852.48/746: Telegram

The Ambassador in Spain (Weddell) to the Secretary of State

542. Department’s instructions 243, October 4, 6 p.m. Upon receipt of the Department’s instruction I called upon the Foreign Minister; outlined the contents of the Department’s telegram; requested an early interview with the Caudillo; and suggested that the Minister be present at the interview.

I was today received by the Caudillo alone and laid before him the considerations contained in the Department’s instruction. The Caudillo requested me to transmit his thanks to the President and stated that he agreed with the proposal and gave his personal assurances in regard to the three conditions laid down in the instruction.

In speaking of the matter Franco expressed the thought that aid through the Red Cross would probably not amount to anything very large in the way of quantity. I replied that I did not know just what the quantity would be but that I did not believe it would be negligible. The Caudillo then went on to speak of Spain’s desperate economic condition, the disappointing cereal crops, Spain’s inability to sell in many markets previously open to the country and finally referred to the deficiencies of the Spanish transportation system which made it difficult to get from one point to another within the country. He added that he supposed that if wheat came to Spain under this plan it would arrive in Vigo which was remote from the central, southern and eastern portions of Spain. I replied that the port of arrival of the wheat was a matter of detail to be worked out but that I thought it possible at least that shipment could also be arranged to Mediterranean and other ports.

I have taken occasion immediately to make known to the Foreign Minister in writing the substance of the above conversation. I desire respectfully to submit the following comments:

It is suggested that I be informed immediately of the date and quantity of the first wheat shipment from the United States, the quantity of wheat that will be supplied under the plan and to what ports the Red Cross contemplates shipping this grain and whether or not the wheat will be transported in American bottoms at the expense of the Red Cross.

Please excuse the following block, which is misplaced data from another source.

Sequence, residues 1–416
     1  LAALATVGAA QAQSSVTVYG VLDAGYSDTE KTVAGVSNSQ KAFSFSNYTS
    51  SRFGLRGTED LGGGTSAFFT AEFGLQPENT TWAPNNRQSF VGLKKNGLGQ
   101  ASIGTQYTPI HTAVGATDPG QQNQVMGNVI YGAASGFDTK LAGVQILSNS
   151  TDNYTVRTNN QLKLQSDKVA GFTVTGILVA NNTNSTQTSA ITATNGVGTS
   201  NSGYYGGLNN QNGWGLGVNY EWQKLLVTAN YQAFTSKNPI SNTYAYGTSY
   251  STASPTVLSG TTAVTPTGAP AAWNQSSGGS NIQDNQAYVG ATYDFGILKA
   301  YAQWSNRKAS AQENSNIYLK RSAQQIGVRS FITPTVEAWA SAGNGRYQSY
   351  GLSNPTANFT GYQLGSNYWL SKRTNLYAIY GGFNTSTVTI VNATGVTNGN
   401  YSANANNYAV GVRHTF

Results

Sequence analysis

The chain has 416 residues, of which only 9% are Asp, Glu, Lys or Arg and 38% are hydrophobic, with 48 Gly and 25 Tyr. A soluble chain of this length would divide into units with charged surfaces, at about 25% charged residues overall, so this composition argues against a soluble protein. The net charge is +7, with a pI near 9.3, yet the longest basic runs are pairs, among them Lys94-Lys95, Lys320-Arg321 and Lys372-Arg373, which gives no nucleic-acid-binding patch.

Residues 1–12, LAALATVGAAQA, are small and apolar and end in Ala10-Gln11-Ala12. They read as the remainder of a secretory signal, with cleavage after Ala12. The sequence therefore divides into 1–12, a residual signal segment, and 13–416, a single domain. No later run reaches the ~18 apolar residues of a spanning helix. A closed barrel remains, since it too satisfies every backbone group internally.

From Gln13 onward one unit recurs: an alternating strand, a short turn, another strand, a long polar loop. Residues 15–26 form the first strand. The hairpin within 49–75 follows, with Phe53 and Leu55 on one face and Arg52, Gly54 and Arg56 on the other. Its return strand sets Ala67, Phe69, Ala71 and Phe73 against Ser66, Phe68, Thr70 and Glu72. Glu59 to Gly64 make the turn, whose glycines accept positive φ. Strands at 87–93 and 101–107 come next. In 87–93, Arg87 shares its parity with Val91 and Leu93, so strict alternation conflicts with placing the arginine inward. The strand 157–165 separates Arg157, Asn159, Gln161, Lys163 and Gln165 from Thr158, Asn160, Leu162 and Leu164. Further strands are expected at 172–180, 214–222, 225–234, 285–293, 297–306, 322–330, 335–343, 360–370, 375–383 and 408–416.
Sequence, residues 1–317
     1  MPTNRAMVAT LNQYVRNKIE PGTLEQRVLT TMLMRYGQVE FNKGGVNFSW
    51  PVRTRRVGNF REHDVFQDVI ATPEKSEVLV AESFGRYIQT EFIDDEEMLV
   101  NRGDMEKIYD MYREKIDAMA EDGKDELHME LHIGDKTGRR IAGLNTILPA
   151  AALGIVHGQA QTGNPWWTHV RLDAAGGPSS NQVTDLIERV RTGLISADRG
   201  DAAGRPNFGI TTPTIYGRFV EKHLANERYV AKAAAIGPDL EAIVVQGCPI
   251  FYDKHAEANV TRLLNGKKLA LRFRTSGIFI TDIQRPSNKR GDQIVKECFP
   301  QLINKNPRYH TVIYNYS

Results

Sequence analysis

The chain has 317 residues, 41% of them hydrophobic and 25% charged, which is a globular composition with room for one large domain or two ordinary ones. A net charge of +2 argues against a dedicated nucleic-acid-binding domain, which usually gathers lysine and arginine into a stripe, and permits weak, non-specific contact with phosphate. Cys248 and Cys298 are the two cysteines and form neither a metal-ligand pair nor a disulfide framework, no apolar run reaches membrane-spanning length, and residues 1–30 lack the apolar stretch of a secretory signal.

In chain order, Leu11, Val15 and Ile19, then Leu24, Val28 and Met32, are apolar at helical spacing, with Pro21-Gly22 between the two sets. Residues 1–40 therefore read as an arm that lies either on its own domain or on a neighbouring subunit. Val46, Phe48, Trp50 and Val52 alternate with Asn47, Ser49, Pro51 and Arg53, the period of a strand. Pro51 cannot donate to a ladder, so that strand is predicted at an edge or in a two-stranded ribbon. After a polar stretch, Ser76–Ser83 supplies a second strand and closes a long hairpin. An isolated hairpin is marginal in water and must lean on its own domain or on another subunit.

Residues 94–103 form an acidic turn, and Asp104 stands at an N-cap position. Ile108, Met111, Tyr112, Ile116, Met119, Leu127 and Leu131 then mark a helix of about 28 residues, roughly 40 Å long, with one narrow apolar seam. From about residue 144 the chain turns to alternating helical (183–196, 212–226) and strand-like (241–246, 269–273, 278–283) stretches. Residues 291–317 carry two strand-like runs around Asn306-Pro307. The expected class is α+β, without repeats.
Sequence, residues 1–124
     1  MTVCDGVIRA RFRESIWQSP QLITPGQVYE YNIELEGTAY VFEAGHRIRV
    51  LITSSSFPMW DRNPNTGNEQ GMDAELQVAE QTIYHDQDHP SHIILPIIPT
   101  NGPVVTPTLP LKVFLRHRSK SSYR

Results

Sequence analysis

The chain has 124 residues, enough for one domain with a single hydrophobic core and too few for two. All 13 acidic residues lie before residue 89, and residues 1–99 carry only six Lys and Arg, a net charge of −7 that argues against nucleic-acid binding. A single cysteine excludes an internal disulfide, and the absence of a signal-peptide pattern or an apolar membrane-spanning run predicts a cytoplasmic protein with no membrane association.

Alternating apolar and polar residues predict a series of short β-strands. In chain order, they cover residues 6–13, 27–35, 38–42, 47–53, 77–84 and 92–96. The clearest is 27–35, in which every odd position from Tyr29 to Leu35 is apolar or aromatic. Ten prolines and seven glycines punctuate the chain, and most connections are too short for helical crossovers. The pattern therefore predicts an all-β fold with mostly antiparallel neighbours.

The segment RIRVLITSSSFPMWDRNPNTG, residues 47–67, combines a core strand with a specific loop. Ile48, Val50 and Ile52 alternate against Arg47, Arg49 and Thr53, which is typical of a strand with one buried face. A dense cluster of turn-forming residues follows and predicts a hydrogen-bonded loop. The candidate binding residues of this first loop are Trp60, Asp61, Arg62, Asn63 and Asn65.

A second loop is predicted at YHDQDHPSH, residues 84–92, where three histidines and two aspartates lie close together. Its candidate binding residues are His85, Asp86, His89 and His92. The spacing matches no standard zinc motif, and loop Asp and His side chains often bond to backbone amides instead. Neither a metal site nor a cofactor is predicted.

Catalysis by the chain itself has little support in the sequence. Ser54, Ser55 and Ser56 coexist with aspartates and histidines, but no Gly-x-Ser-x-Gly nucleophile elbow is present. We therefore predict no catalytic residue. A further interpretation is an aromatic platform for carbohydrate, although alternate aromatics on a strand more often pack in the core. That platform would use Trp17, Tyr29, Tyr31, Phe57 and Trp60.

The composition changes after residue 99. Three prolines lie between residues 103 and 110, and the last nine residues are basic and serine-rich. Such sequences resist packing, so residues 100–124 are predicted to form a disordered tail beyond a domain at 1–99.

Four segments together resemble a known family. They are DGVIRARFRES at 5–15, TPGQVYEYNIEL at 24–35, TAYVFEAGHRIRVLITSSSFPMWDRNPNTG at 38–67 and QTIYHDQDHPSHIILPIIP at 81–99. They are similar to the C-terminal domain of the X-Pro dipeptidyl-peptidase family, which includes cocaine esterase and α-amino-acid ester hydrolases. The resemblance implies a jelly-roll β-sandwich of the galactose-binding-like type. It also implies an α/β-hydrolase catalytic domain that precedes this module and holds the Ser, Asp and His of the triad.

I think it essential that negotiations for the desired credit to Spain should be begun at the earliest possible moment. Every effort should be made to avoid offending Spanish pride by unwittingly giving the appearance that Spain is being “bought off” by charity.
As regards the general question of Spanish pride and susceptibilities which made the situation here unique there is considerable doubt in my mind as to the advisability of the American Red Cross undertaking to supervise the handling and distribution of wheat [Page 815] within Spain, although it would probably be advisable promptly to send a Red Cross representative to Madrid who would be in a position to make detailed representations to the Red Cross in the United States as to such quantities as may be necessary from time to time, the Spanish ports to which shipments should be despatched and otherwise remain in contact with the Spanish authorities.
Another matter which will require very careful handling is the question of publicity. This should in my opinion be directed deliberately toward strengthening the moderate elements of the present regime in Spain by sharing any resulting credit with these elements and to avoid giving any basis for Axis propaganda which might allege that Spain had been bought or influenced by humanitarian aid. It might be well in this connection to consider the possibility of laying the greatest emphasis on a gesture between the two heads of states and to play down correspondingly any suggestion of charity to a country which after all desires to believe that it is in a position to take care of its needs if normal credits were available.
I reiterate my previous observations that aid to Spain to be effective must be prompt and would urge that arrangements for the first shipment of grain to this country should be undertaken at once.